Back in our day, we could write something called a letter on paper by hand, put it in an envelope, seal it and put a postage stamp on the envelope. We'd bring that letter to a post office and they had mailmen that would deliver these letters. It took at least two/three days for a letter to arrive. That was called mail.

Back in our day, if we wanted something calculated, we'd have to get a pen and paper and do it ourselves. Sure, shopkeepers had big bulky cash registers, but these were impractical for home use. My mom always told the story, that when she had her first calculator, she'd use it, and then, recalculate everything by hand, just to make sure.

Back in our day, when we wanted to change the channel on the television, we'd have to get up, off the couch, walk to television set, press the button on the television set for the other channel, and then walk back and sit down again.

Back in our day, when I went on vacation with my parents, my mom carried a special wallet with her. It had four (color-coded!) compartments that contained money of the different European countries we would be passing through/staying in. She'd order this money before the vacation at the local bank/exchange. If you were abroad, and were in need of money, you could use something called Travellers Cheques, basically a piece of paper you took to a foreign bank and you scribbled on it how much you wanted.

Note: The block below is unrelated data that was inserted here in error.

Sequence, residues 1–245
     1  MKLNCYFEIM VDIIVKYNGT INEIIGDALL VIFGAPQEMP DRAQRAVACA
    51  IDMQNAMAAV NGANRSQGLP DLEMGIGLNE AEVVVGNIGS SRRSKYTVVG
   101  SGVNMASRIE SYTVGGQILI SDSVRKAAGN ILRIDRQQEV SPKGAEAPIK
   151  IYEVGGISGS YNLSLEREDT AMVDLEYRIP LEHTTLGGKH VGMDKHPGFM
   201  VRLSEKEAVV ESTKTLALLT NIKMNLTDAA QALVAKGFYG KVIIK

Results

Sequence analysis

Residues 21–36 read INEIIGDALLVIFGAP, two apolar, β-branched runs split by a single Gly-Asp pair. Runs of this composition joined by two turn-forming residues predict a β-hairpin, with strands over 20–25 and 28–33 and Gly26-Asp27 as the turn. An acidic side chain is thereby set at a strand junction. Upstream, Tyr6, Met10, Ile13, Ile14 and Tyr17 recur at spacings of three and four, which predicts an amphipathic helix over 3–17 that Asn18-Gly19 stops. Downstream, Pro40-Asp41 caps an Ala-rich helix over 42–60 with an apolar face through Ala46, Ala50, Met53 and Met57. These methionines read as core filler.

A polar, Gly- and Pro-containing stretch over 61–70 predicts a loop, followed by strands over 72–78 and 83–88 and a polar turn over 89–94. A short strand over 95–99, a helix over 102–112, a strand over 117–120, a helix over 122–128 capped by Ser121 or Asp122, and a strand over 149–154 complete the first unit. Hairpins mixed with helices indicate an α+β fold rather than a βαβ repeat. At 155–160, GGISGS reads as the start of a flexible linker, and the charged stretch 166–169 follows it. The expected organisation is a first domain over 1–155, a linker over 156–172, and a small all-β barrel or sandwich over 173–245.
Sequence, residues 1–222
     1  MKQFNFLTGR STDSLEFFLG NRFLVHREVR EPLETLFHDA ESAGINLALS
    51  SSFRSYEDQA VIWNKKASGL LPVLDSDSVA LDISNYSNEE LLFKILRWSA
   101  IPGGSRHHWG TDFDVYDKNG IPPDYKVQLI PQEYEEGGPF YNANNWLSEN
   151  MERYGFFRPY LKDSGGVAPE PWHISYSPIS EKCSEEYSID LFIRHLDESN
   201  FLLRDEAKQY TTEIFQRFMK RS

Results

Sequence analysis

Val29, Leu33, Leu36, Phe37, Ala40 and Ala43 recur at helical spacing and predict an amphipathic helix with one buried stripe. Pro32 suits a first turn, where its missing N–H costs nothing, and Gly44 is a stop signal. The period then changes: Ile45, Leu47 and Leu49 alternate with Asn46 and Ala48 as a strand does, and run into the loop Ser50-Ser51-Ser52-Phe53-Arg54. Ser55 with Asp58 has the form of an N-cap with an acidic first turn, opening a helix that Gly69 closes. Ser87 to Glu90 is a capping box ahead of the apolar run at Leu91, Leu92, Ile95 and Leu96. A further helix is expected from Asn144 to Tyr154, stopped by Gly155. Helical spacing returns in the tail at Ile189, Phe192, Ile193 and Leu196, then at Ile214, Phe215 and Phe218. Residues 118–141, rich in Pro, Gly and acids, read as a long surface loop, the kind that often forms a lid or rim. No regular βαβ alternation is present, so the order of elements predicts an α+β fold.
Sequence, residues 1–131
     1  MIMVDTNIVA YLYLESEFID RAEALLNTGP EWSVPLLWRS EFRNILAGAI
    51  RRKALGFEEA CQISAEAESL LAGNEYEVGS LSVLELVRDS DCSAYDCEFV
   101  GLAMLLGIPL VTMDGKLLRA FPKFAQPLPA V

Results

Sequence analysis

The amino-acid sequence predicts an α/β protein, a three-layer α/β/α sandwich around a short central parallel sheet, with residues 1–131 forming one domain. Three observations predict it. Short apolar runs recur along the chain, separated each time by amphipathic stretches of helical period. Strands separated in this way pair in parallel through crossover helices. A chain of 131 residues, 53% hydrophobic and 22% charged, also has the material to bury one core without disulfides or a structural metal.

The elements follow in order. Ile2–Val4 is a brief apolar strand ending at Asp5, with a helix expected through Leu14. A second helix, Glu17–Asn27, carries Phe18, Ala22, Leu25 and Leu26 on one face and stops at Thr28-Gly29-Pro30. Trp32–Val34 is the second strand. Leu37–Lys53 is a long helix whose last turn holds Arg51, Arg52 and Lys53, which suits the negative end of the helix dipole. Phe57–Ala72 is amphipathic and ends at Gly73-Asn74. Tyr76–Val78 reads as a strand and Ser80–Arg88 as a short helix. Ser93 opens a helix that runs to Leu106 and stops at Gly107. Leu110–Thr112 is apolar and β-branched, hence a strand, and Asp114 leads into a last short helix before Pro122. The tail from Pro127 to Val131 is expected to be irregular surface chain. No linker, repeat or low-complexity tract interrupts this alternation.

Back in our day, our car didn't have seatbelts, nor airbags or deformable zones. The two people in front got seatbelts, and that was it.

Back in our day, if you showed us a cassette tape and a pencil, we knew exactly what to do. Kids nowadays would have a big question mark on their face.

Back in our day, we could hear when the batteries of our cassette tape player, called a "Walkman", were running low.

Back in our day, we could record "software" from a radio station onto cassette tape and load it up onto our computer. Because we didn't have Internet.

Back in our day, if we wanted to see the pictures we took with our cameras, we'd have to bring something called "a negative" to a "photo development shop" and he'd have the pictures ready "on paper" the next week. And if some of the pictures were crap, that's too bad, because we had to pay for those too!


For All Those Born in the 70's and 80's!

We are the last generation that learned to play in the street, we are the first who've played video games, see cartoons in color and went to amusement parks. We were the last to record songs of the radio on cassettes and we are the pioneers of walk-mans and chat-rooms... We learned how to program the VCR before anyone else, play with the Atari, Super... Nintendo and believed that the Internet would be a free world all on a 56kbit modem. Traveled in cars without seat belts or air-bags & lived without cell phones. Rode our bicycles down the road without brakes. We never had phones but still kept in touch. We did not have Play stations, 99 television stations, flat screens, surround sound, mp3s IPods computers and broadband...